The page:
I spent much of last week at the COL-COA film festival (which I keep wanting to call the Coca-Cola fim festival). I saw four of the new ones:

Baby Love is a sweet, charming and enjoyable dramedy about a gay man, played by heart throb Lambert Wilson, who wants a baby, but constantly runs into problems getting his wish. The two biggest obstacles are a boyfriend, played by equally heart throbbing Pascal Elbé (who seems to have only one suit and wear only one color, though in his defense he looks great in the suit and in that color), who doesn’t want a baby and moves out over the issue. And French law that makes it illegal for gays to adopt. Who would have thought that the French are actually behind the U.S. in some areas of the culture wars (it also seems to be illegal or there are restrictions on inseminating surrogates). One reviewer has suggested that a U.S. remake may be in the future, and that may be true, but as entertaining as Baby Love is, it feels like it’s been so over done over here that we’re now dealing with the issues of not how to get them, but how to raise them (see, for example, Breakfast with Scott). But don’t let that stop you from seeing this one. The empathetic screenplay is by Vincent Gareq, who also directed.

Secrets of State is an espionage thriller revolving around the DGSE, or the French CIA. It’s a convoluted story about Middle Eastern terrorists that never makes much sense with an ending that’s just plain silly. It’s directed by Phillipe Haim in the “hey, look at me, I’m a director and you’re not” style. He also wrote it along with Nathalie Carter and Julien Sibony. The director stated that it’s the result of three years research, and that may be so, but the research seems to have focused more on movies about espionage rather than the DGSE itself. The film also states that the DGSE has prevented numerous attacks (I can’t remember the exact number) like the one presented here. That may also be so, but you’d never know how considering the ineptness of the agents used here. Fortunate for them and for France, the terrorists apparently watched the same movies the director and writers did in making their plans. There is one bright note: though it’s against the law for gays to adopt in France, according to this movie, the DGSE has a program in existence to recruit gay men: of course, they have to have sex with someone like Nicolas Duvauchelle first, but it’s a sacrifice most gay men would be willing to make.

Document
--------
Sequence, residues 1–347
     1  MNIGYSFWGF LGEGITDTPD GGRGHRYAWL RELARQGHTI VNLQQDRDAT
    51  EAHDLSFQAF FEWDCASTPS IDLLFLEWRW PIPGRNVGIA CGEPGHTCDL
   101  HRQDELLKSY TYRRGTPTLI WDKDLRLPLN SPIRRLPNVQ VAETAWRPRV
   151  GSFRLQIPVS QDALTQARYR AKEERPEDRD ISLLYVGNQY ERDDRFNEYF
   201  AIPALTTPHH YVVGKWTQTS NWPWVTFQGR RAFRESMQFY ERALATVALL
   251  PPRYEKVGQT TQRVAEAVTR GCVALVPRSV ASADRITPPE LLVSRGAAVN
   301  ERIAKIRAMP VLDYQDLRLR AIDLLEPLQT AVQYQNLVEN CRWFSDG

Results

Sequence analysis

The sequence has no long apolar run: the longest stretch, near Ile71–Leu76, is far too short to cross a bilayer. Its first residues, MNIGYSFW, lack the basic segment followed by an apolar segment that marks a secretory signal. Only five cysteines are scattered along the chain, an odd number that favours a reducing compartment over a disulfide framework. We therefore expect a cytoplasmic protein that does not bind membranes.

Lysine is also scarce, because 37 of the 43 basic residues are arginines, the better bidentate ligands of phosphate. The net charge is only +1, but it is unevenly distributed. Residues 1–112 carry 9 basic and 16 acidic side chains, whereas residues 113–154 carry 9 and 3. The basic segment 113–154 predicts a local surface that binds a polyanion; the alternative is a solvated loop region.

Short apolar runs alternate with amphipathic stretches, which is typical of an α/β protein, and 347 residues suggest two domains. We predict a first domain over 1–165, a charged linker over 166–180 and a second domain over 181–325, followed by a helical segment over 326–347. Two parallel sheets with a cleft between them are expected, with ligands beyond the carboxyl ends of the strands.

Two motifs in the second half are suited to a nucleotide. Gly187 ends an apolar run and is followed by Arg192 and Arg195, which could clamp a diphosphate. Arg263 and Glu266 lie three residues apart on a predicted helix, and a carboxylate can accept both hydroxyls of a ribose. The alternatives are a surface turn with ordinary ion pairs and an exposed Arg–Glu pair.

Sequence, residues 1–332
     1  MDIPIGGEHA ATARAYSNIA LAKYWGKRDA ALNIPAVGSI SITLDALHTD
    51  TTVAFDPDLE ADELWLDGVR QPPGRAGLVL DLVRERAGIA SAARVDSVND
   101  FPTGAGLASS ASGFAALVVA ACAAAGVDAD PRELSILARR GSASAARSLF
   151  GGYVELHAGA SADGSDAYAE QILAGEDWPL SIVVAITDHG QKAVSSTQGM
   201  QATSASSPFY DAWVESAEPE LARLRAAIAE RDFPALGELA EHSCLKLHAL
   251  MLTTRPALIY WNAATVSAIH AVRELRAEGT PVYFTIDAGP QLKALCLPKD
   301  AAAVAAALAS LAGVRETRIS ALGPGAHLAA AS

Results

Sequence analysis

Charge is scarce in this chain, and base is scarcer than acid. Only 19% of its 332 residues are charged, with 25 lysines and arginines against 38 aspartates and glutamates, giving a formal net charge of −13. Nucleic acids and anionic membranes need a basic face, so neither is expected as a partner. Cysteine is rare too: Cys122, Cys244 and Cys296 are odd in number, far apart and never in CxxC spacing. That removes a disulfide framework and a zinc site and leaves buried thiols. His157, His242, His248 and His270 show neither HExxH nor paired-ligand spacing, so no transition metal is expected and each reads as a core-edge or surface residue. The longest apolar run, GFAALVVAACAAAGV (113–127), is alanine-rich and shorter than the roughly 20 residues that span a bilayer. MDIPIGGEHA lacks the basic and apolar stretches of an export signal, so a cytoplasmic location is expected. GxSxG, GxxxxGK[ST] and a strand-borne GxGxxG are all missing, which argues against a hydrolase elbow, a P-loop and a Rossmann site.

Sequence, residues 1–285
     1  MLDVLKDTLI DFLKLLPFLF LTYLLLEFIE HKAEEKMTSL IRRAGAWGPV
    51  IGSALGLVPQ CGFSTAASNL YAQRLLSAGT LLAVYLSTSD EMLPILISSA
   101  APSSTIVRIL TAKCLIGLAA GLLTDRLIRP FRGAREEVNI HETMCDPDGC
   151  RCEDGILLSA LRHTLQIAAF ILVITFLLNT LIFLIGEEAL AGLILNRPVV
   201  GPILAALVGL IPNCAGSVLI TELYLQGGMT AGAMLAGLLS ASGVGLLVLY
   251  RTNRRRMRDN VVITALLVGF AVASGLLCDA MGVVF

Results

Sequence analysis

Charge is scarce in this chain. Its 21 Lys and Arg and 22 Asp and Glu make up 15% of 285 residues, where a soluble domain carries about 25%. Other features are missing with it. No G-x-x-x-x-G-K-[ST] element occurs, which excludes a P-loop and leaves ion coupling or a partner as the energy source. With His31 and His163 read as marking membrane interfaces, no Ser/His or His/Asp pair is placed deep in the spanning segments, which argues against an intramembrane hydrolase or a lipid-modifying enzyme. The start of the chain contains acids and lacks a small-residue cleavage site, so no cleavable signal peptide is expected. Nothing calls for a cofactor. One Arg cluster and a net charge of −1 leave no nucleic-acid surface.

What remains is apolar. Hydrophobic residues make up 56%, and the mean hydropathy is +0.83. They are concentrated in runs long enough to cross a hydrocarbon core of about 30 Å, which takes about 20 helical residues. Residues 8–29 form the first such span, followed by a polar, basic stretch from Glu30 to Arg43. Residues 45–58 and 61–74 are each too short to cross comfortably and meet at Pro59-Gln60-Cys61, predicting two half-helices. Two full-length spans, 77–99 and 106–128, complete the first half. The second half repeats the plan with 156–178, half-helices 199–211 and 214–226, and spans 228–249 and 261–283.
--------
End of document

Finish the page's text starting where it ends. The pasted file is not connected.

Final Arrangements is a comedy about the funeral business (which seems a tad redundant). It’s never anymore than all right and it has its moments, mainly in Didier Bourdon, very, very funny as a parlor owner who wants to become head of regional sales in Paris. Unfortunately, his plans are stymied when the head office hires Marc-André Grondin instead and sends him to Bourdon to learn the business (see Bing Crosby and Barry Fitzgerald in Going My Way). The story, (screenplay by Sylvia Danton and Michel Delgado—who also directed) is all over the place and it never really comes together satisfactorily.

OSS 117 Rio was the best of the four new films I saw. The central character, played with a lot of teeth by Jean Dujardin, is the French version of Maxwell Smart, though without as many pratfalls, but with the personality of Archie Bunker, a bigoted, misogynistic idiot, though he doesn’t know it. The plot revolves around French collaborators during WWII and a Nazi still alive in Brazil. The director, Michel Hazanavicius, keeps things going at a good pace and does some fun things with split screens. The screenplay by Jean-Francois Halin and Hazanavicius, is even funnier and the satire is sharper than the original, OSS 117: Cairo, Nest of Spies. It all ends with a very clever homage to both Hitchcock’s North by Northwest and Vertigo atop Rio’s statue of Christ.

So tell me what you think.

Fill in your details below or click an icon to log in: Logo

You are commenting using your account. Log Out /  Change )

Twitter picture

You are commenting using your Twitter account. Log Out /  Change )

Facebook photo

You are commenting using your Facebook account. Log Out /  Change )

Connecting to %s